Figure B-5 JTAG interface timing parameters .......................................................................... B-10
Figure B-6 Configuration and exception timing parameters ..................................................... B-12
Figure B-7 INTEST wrapper timing parameters ....................................................................... B-13
Figure B-8 ETM interface timing parameters ............................................................................ B-14
Figure B-9 TCM interface timing parameters ........................................................................... B-16

x Copyright 2004, 2006 ARM Limited. All rights reserved. ARM DDI 0311D
Preface

This preface introduces the ARM968E-S Technical Reference Manual. It contains the
following sections:
About this manual on page xii
Feedback on page xvi.

ARM DDI 0311D Copyright 2004, 2006 ARM Limited. All rights reserved. xi
Preface

About this manual


This manual is the Technical Reference Manual (TRM) for the ARM968E-S processor.

Product revision status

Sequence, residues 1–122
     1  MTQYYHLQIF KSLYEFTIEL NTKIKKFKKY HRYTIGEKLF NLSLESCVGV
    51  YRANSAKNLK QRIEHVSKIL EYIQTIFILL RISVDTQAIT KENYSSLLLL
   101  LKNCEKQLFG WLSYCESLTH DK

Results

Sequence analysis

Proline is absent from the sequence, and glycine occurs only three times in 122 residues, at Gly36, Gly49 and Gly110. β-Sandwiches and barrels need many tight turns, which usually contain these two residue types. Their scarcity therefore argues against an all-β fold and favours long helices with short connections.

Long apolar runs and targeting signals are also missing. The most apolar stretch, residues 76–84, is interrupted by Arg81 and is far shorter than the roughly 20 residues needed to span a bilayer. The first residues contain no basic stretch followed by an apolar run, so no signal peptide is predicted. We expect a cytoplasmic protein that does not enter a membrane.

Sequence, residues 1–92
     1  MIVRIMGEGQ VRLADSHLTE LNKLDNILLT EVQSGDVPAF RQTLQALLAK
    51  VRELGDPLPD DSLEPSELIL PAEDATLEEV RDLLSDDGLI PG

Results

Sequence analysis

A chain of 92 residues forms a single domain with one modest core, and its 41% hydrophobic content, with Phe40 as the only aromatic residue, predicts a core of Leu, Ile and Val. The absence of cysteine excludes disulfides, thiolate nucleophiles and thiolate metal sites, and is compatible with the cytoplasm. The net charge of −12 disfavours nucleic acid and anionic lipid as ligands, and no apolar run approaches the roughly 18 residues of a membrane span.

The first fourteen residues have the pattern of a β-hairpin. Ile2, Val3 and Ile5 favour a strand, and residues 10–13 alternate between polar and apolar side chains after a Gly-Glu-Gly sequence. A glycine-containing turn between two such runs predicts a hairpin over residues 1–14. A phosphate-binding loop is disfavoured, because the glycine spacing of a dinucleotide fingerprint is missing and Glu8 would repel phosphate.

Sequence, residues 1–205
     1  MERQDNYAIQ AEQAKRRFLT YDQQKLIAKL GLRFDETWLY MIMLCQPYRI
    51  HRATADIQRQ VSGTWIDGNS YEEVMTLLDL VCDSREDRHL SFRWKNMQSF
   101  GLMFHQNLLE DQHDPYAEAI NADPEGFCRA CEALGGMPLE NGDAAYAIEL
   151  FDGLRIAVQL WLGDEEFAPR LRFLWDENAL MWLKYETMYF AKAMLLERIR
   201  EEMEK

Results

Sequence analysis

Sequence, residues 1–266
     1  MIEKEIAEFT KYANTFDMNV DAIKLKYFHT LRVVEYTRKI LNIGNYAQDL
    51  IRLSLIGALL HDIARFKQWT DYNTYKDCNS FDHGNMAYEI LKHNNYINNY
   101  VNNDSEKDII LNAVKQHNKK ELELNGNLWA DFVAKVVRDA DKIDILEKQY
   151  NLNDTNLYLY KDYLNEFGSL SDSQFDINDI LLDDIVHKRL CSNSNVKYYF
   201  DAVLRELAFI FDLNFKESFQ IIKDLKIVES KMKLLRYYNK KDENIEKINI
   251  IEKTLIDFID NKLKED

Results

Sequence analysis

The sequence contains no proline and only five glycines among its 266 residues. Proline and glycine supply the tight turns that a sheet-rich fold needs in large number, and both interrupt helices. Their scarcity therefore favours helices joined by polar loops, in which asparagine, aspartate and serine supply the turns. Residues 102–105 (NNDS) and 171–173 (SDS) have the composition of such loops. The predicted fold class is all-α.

The rnpn identifier indicates the revision status of the product described in this manual,
where:
rn Identifies the major revision of the product.
pn Identifies the minor revision or modification status of the product.

Intended audience

This manual is written to help designers, system integrators, and verification engineers
who are implementing systems around the ARM968E-S processor.

Using this manual

This manual is organized into the following chapters:

Chapter 1 Introduction
Read this chapter for an introduction to the ARM968E-S processor.

Chapter 2 Programmers Model


Read this chapter for an introduction to the ARM programmers model.

Chapter 3 Memory Map


Read this chapter for a description of the ARM968E-S fixed memory
map implementation.

Chapter 4 System Control Coprocessor


Read this chapter for a description of the ARM968E-S CP15 control and
status registers.

Chapter 5 Bus Interface Unit


Read this chapter for a description of the operation of the Bus Interface